What did fmr. US surgeon general and WISH med. expert say about extreme heat, COVID rise
What did fmr. US surgeon general and WISH med. expert Jerome Adams say about extreme heat, COVID latest
INDIANAPOLIS (WISH) — The National Weather Service lists extreme heat as the No. 1 weather-related cause of death.
Dr. Jerome Adams, WISH-TV medical expert and a former U.S. surgeon general, talked Monday on News 8 about his biggest concerns with the high heat levels, which are expected to remain in Indiana through Friday.
A primary concern, he said, is dehydration. “Actually, one of my concerns is for people who are particularly vulnerable; so that’s little babies (and that’s people who are elderly people who have medical conditions.”
He also worries about people overheating. “So if you do not have air conditioning, please look out for your nearest cooling station. They’re available in most communities around Indiana. You’ve got to bring that body temperature back down at night; otherwise, it’s going to continue to gradually build.”
The doctor also warned about leaving a child or other people in a hot vehicle because “it literally can only take a matter of minutes before someone is in a deadly situation.”
Disorientation can also happen during high heat.
“In terms of medical terminology, we start to pay attention to altered mental status. Someone’s not talking right. They’re disoriented. They can have headaches and nausea and vomiting. One big sign is if you actually stop sweating because you no longer have any more fluid in your body. And, of course, just feeling and having a temperature greater than 104 degrees; that’s actually how we help define heat strokes. So remain indoors during hot weather, drink plenty of fluids.”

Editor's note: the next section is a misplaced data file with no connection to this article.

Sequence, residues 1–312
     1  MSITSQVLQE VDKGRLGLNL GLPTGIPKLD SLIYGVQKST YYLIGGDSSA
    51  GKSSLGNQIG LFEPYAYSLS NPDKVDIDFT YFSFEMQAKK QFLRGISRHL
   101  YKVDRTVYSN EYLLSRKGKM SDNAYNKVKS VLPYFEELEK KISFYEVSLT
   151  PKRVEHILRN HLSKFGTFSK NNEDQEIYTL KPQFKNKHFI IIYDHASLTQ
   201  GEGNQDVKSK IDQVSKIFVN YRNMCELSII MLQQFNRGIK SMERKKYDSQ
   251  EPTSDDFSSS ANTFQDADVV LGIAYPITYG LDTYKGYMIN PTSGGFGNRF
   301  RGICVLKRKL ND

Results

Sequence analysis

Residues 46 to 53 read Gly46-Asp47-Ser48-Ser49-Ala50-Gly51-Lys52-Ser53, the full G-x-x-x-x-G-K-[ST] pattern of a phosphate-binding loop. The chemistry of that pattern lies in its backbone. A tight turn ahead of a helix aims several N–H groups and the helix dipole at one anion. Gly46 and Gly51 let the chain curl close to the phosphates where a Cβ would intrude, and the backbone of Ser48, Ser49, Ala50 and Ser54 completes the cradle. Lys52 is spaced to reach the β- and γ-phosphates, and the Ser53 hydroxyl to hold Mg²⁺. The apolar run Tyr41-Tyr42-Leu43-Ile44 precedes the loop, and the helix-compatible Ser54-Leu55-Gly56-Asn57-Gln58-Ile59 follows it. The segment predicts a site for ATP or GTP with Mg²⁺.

Adams also said people should be concerned about their pets.
COVID cases climbing again
The surgeon general under former President Donald Trump said the rising of COVID-19 cases is beginning to raise concern. The latest mutation has about 30 different mutations.
“So, we’re worried that this has the potential to be extremely immune invasive. We don’t know yet.”
The latest mutations also appear to spread more easily but are not necessarily more severe than previous COVID strains.
“Right now, if you’re vulnerable in particular, take precautions. Think twice about going out in crowded areas because wastewater levels (of the virus) are high (and) hospitalizations are going up. It’s spreading right now. We just want to make sure we’re doing all we can to protect ourselves, that we’re vulnerable while we wait for the new new boosters to be available in September, October.”
This story was created from an interview aired on WISH-TV. Health Spotlight is presented by Community Health Network.